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FCAT Lit Terms

Common figurative & descriptive language terms used on FCAT

QuestionAnswer
Figurative Language Language that involves use of words or phrases that describe one thing in terms of another-involves some sort of imaginative comparison. *not meant to be understood on a LITERAL level
Simile comparison of two things that have some quality in common, using like or as (or sometimes "than")
Metaphor comparison of two things that have some quality in common (without like or as)
Personification figure of speech in which a non-human thing or quality is written about as if it were human.
Hyperbole A figure of speech where the truth is exaggerated for emphasis or humorous effect. Used to intensify description or to emphasize nature of something
Symbolism the use of something concrete (i.e. an object, setting, event, animal, or person) that functions in a text to represent something more
Pun play on multiple meanings of a word or on two words that sound alike but have different meanings
Theme not the same as moral (rule of conduct). A theme gives us insight into the writer’s view of the world or human nature; the lessons learned by the main characters or the "big picture" ideas presented in literature.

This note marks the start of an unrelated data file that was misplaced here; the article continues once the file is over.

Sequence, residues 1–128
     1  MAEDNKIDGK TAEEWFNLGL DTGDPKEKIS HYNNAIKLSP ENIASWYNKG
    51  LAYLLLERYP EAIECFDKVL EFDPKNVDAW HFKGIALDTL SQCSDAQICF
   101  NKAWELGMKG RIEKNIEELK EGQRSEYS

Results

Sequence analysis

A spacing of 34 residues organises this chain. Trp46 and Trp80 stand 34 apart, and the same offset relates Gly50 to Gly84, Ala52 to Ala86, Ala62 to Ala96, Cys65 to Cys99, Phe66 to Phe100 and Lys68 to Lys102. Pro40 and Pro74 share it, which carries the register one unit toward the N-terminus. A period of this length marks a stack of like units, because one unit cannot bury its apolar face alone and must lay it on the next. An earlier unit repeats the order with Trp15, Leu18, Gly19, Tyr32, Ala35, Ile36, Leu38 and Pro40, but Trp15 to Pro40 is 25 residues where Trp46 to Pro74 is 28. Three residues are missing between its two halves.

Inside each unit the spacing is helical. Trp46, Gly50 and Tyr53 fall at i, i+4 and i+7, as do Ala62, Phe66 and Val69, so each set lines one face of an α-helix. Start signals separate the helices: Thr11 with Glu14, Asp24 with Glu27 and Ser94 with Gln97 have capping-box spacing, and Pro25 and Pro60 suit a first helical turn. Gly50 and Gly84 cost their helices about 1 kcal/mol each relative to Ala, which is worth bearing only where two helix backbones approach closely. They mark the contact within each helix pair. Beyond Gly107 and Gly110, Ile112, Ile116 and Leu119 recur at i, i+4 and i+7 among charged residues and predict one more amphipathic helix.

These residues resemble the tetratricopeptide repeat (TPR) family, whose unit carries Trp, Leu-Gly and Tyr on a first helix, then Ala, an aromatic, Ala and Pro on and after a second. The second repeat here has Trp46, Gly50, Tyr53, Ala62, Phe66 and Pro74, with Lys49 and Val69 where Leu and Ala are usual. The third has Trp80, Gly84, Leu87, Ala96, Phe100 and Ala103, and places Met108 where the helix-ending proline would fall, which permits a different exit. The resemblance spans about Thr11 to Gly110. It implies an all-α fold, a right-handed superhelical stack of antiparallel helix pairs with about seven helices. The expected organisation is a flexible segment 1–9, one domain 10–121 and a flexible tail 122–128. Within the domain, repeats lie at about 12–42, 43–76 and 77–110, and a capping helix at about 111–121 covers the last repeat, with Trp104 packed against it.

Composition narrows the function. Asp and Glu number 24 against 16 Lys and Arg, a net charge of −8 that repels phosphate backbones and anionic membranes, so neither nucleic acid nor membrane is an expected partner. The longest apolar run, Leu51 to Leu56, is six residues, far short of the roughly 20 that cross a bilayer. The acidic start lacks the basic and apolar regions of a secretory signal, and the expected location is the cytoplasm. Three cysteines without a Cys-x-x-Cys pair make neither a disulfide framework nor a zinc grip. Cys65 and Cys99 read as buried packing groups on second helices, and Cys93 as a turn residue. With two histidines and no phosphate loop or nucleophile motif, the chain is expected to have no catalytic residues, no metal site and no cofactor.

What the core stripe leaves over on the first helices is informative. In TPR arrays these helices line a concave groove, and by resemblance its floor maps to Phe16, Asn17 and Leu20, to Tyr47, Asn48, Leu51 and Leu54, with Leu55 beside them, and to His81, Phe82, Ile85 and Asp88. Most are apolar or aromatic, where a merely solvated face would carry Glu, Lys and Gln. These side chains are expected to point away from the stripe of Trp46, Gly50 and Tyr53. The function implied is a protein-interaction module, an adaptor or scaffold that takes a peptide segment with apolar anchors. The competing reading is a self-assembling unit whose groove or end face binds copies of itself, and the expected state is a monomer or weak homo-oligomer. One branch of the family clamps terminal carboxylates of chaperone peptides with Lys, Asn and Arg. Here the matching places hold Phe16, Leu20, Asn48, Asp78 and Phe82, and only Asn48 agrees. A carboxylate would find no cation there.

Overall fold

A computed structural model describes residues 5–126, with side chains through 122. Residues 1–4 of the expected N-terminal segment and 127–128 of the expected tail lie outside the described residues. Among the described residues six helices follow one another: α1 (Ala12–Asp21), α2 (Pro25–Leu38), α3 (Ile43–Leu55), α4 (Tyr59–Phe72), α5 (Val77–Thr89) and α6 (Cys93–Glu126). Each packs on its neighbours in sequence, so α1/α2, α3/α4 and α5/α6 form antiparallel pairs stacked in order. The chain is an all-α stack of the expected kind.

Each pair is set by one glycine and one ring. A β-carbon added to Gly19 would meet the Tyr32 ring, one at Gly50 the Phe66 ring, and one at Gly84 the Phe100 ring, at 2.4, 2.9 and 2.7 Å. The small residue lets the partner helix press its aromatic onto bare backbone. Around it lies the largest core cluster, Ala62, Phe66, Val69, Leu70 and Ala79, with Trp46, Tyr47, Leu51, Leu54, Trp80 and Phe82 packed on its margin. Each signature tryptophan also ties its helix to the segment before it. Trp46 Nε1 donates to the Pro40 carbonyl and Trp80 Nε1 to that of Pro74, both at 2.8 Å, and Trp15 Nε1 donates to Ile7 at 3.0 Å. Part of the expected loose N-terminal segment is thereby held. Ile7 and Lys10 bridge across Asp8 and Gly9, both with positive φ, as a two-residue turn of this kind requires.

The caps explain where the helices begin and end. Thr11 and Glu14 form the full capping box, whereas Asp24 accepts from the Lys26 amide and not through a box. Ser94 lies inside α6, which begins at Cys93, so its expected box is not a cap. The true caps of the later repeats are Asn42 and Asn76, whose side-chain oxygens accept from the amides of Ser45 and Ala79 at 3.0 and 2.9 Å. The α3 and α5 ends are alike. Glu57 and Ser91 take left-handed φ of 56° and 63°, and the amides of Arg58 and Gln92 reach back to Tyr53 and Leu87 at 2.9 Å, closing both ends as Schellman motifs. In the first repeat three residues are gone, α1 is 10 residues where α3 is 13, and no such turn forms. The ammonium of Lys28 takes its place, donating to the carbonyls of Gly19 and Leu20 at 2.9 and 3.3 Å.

Imagery language that appeals to the senses, either one of more of them (sight, hearing, smell, taste, touch)-to help the reader imagine exactly what is being described.
Tone expression of the writer’s attitude toward a subject, reflects the feelings of the writer
Irony contrast between what is expected and what actually exists of happens
Mood the feeling or atmosphere that a writer creates for a reader
Alliteration the repetition of the same sound, usually of a consonant, at the beginning of two or more words that are immediately after one another or at short intervals
Onomatopoeia the use of words whose sounds suggest their meaning
Allusion a reference to a statement, well-known person, place or event from literature, history, mythology, politics, sports, science, or the arts.
Satire the type of writing that ridicules (makes fun of) human weakness, vice, or folly in order to bring about social reform (change). Tries to persuade the reader to do or believe something by showing the opposite view as absurd or even as vicious and inhumane
Created by: BessMcNamara